Non-communicable diseases (NCDs) account for 70% of all deaths worldwide and are slated to become an even greater public health threat. In 2017, Dignitas started to build on its knowledge by leveraging existing HIV infrastructure in Malawi to integrate NCD treatment into a single model of care in four health facilities in its impact area – facilities that previously only provided either decentralized HIV, or limited NCD care. By efficiently providing on-site screening for chronic conditions, Dignitas is innovating to bring quality care closer to patients.

Cost effective diagnosis tools for TB

Studies indicate that roughly half of HIV+ adult patients who die in hospitals have tuberculosis (TB) which is the leading cause of AIDS-related illness in the world. The current test for TB detection in Malawi is a sputum sample, however this is a challenge for ill patients to produce it. The STAMP Study investigated whether screening HIV positive in-patients with urine-based test could increase TB detection in a cost-effective way, reducing mortality. Preliminary results indicate this innovative approach has potential to increase TB diagnoses and treatment initiations that will save lives, and is likely to influence national and international treatment guidelines.

woman on phone

Stopping preventable deaths using technology

In resource-limited settings, governments must find affordable and user-friendly solutions to optimize health care delivery. While medical reference materials are important to ensure protocol adherence across the country, updating, printing and distributing them is a challenge for Malawi’s Ministry of Health. This problem presented an opportunity for Dignitas to develop a mobile application for Malawi’s HIV Clinical Guidelines. Moving away from traditional printing and putting updated guidelines into the hands of health practitioners means that healthcare workers have real-time knowledge at their fingertips. They can search easily, receive automatic updates, and bookmark important content. This free app is revolutionizing how technology can improve health care delivery in low-income countries.

Getting tested and starting treatment turned my life around. I want all mothers to have this option.
- Patricia

Patricia’s story is an inspiration to other women living with HIV.

Pioneered in Malawi, Option B+ is a globally adopted innovation that has dramatically increased the number of HIV+ women on treatment. Option B+ is making global gains in the prevention of mother to child transmission of HIV.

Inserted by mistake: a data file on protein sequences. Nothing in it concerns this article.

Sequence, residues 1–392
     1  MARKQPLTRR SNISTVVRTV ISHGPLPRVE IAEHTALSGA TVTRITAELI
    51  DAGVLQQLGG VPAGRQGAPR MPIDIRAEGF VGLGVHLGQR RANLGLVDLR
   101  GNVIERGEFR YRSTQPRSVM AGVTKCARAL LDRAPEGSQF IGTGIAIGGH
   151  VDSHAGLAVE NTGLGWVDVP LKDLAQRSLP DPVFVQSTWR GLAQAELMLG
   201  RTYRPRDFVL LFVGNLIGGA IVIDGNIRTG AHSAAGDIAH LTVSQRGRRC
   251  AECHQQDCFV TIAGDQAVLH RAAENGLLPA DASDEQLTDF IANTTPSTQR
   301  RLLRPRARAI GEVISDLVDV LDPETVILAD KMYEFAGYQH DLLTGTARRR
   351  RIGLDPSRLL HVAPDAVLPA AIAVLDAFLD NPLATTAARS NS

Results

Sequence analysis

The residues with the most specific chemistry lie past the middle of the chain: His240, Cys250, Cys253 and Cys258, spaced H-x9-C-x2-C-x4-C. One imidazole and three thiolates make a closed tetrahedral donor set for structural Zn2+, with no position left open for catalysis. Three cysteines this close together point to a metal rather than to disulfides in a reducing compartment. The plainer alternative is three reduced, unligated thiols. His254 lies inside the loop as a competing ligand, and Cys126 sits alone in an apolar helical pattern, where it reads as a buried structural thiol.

The National Evaluation of the Malawi Prevention of Mother to Child Transmission (PMTCT) Program (NEMAPP) study shows that the Option B+ program has lowered national mother to child transmission rates of HIV in Malawi to just 3.9%.

HIV mothers who start treatment prior to pregnancy now have just a 1.4% risk of transmitting the virus to their baby compared to a 19.9% chance for mothers who are not on treatment. Dignitas is protecting the health of mothers and babies by testing all pregnant and breastfeeding women for HIV and ensuring treatment is accessible for those who need it.

Following the deaths of her newborn twins, Patricia was devastated and afraid to get tested for HIV. However, when she found out she was pregnant again, she sought out testing and started treatment after her positive diagnosis. This helped to ensure that her son was born HIV negative.

Patricia is an inspiration to others to seek testing and treatment. She travels around her community as an Expert Mother providing support to her peers to help retain HIV+ women on treatment. Patricia, and other Expert Mothers like her, are restoring hope and health for families and communities.

Living Our Mission

Building Resilient Health Systems

Strong health systems deliver quality health care to those who need it most.

According to the World Health Organization, a good health system delivers quality services to all people, when and where they need them. At Dignitas, we have been hard at work in 2017 working on the frontlines with patients and health care workers to deliver care for communities facing a high burden of disease and unequal access to services.

first nations healthcare

Strengthening First Nations-led health care

In Canada, Community Health Workers (CHWs) are on the frontline delivering community-based care in Indigenous communities. CHWs are highly valued because the services they provide are appropriate to the health and cultural needs of the community. This year marked the end of a three-year CHW Diabetes Pilot Program developed to support First Nations-led health care solutions among four communities in the Sioux Lookout Area, Northern Ontario. By training and empowering CHWs to play an active role in patient care, community members living with type 2 diabetes receive targeted support and better continuity of care to manage their condition and prevent traumatic diabetes complications.

teen club

Youth-friendly services keep teens on lifesaving treatment

HIV is still the leading cause of death teens in Africa. If we are to reach the UN’s ambitious goal of ending AIDS by 2030, it is imperative that we ensure adolescents have access to specialized youth-friendly care and support. Our 2017 Study published in the Journal of the International AIDS Society found that teens exposed to Teen Club were 3.7 times more likely to stay on treatment compared to teens who were not. This study is one of the first to look at the impact of a youth-targeted programmatic intervention on retention in care using retrospective program data, and lays the foundation for further exploration. It provides compelling evidence for cost-effective models of care for adolescents in resource-limited settings. As a result, Teen Club was introduced into the Ministry of Health’s standard package of care and will impact the treatment teens receive nationally.